- Exploring Autism 6 to 9 years
- Teen Life 10 to 15 years
- Targeted Parent Support 0 to 18 years
- Explore Specialist Advice
Toilet training for children with autism-takiwātanga (Continence NZ)
Children with autism-takiwātanga are more likely to have bowel difficulties, ranging from loose poos to constipation. When toilet training children with autism-takiwātanga it is important to have a plan, be consistent and patient, give calm responses and praise desired behaviours. Continence NZ provides information and resources.
Needs Assessment Service Coordination (NASC) (KidsHealth)
If your child has autism-takiwātanga, a needs assessment is the first step towards identifying what needs your child may have and what outcomes you want from the process. Service coordination is the process of working with you to explore how best to organise the support and services you need to help your child to be as independent as possible. Support to meet your child's needs may come from families and friends, community agencies and resources, or from government-funded services.
Financial help when your child has a disability or chronic condition (KidsHealth)
Different kinds of financial support may be available. Talk to your health professional, social worker, or NASC (Needs Assessment Service Coordination) Service about which allowances you may be able to receive.
Autism-takiwātanga by age and stage
Autism in early childhood (Altogether Autism)
All parents of young children want a happy and healthy child with every opportunity to reach their full potential. In this life stage, Altogether Autism has articles from family/whānau and professionals about early signs of autism, getting a diagnosis and what to do next. There is information about the supports and services available for young children on the autism spectrum, the benefits of early intervention and how to plan for transition to primary school.
Autism in primary school aged children (Altogether Autism)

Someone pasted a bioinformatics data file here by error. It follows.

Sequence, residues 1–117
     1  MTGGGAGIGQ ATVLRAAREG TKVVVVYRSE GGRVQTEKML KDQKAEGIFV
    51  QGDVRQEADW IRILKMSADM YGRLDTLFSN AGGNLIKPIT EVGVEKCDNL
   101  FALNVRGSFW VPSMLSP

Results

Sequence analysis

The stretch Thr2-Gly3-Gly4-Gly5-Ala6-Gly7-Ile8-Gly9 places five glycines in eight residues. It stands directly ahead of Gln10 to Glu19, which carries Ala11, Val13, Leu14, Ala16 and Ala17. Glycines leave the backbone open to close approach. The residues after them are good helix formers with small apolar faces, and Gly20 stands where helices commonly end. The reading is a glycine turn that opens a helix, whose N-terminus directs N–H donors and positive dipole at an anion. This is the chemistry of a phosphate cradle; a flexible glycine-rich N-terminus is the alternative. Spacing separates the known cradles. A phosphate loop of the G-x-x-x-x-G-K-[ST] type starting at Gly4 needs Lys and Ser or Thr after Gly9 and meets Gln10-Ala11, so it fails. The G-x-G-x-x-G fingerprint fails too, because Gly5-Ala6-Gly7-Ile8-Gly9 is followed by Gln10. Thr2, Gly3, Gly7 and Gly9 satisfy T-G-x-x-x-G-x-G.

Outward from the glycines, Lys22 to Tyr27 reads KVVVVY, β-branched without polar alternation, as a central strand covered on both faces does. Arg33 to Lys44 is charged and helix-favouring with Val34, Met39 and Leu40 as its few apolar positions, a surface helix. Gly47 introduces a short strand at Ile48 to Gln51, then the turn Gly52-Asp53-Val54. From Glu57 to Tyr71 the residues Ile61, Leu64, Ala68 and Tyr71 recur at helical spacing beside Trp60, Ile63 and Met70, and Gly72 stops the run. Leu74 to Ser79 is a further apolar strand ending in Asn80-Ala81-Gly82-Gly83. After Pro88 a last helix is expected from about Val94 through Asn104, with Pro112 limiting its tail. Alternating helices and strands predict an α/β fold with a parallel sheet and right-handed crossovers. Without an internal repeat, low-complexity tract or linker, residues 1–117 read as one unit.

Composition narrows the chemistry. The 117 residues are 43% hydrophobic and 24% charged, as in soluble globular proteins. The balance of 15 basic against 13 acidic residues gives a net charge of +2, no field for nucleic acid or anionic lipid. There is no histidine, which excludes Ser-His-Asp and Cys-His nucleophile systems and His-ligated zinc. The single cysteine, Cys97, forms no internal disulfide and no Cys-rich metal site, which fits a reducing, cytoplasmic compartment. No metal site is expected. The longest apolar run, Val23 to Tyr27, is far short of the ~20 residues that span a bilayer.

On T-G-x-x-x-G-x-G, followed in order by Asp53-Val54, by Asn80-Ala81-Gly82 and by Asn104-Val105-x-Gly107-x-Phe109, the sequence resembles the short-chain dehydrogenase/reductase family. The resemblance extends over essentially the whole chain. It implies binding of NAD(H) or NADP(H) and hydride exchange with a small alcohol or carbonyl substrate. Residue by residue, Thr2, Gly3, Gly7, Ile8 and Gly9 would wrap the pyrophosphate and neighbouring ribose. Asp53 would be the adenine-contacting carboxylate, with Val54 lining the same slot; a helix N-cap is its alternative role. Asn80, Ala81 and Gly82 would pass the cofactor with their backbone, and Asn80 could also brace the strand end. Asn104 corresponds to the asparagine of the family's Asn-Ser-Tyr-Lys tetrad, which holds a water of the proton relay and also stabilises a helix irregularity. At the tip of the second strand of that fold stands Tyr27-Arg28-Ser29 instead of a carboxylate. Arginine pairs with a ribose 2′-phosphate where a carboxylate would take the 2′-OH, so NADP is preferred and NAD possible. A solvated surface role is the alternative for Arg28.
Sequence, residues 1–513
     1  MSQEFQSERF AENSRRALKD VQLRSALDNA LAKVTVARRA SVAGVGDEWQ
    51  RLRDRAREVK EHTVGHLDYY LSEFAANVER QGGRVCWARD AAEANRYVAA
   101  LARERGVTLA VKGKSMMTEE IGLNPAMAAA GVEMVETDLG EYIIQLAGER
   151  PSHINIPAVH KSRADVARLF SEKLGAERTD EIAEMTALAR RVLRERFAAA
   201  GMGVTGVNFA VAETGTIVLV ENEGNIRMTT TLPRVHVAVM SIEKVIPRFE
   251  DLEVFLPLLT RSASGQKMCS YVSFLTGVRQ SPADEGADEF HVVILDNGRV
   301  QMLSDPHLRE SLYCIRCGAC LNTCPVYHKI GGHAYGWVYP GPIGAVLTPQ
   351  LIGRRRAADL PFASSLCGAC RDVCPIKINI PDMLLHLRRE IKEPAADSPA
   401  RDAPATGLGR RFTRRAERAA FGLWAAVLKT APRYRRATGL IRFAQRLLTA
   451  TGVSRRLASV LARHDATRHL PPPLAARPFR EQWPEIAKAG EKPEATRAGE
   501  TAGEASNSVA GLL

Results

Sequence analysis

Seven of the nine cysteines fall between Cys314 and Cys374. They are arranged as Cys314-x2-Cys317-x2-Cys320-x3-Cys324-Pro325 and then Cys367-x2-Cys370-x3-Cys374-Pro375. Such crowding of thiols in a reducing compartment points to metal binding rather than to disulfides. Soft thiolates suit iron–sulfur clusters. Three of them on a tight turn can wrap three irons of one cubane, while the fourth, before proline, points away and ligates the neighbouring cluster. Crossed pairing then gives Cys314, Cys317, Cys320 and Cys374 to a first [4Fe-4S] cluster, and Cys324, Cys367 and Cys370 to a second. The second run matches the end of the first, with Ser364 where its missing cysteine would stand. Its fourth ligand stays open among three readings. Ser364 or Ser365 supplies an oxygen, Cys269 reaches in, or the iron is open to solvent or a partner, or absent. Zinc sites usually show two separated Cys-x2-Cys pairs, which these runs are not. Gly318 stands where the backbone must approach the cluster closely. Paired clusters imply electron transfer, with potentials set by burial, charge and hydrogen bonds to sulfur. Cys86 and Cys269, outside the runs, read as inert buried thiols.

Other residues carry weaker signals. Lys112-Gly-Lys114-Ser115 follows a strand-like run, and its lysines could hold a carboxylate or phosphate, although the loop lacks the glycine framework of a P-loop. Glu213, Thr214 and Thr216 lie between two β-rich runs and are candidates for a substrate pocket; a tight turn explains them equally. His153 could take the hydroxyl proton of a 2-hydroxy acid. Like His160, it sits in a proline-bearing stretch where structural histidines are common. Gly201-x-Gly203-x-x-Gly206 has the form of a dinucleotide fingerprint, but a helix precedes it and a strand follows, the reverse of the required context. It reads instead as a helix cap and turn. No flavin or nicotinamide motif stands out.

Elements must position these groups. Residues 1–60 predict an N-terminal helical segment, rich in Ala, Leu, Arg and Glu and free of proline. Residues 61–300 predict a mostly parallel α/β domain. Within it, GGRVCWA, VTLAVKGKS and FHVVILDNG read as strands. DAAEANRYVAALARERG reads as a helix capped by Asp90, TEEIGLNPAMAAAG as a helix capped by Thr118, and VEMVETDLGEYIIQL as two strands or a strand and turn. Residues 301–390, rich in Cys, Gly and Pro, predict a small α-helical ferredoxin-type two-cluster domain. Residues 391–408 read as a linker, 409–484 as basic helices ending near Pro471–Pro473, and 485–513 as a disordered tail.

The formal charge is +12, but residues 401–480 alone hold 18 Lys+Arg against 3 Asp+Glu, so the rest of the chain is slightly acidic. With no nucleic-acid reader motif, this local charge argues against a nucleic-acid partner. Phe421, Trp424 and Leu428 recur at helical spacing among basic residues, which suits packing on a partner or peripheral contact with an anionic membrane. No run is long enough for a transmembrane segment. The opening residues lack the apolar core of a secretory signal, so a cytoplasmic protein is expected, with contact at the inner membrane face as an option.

The early years in school can lay the foundation for future success. In this life stage, Altogether Autism has articles about successfully managing change and accessing education supports to give children on the autism spectrum the best chance to thrive. There's also information from parents and professionals about tackling tough issues like managing behaviour, anxiety, sensory sensitivities and working with children's strengths.
Autism in teenagers (Altogether Autism)
All teenagers experience change but for autistic teens this is often particularly challenging. At school there's the academic demands, relationships with other teenagers can be complex and there is the constant pressure to think about the future. In this life stage, Altogether Autism has articles and lived experience stories dealing with these issues.
Autism-takiwātanga and language
Language opportunities at home (Altogether Autism)
Young children on the autism spectrum may face challenges using and responding to spoken language, writes speech and language therapist Estelle Pretorius. You can support your child to learn that language can be fun and exciting, especially when it involves activities that they love. You will also discover that everyday activities and routines can provide many language opportunities for your child.
Speech and language (KidsHealth)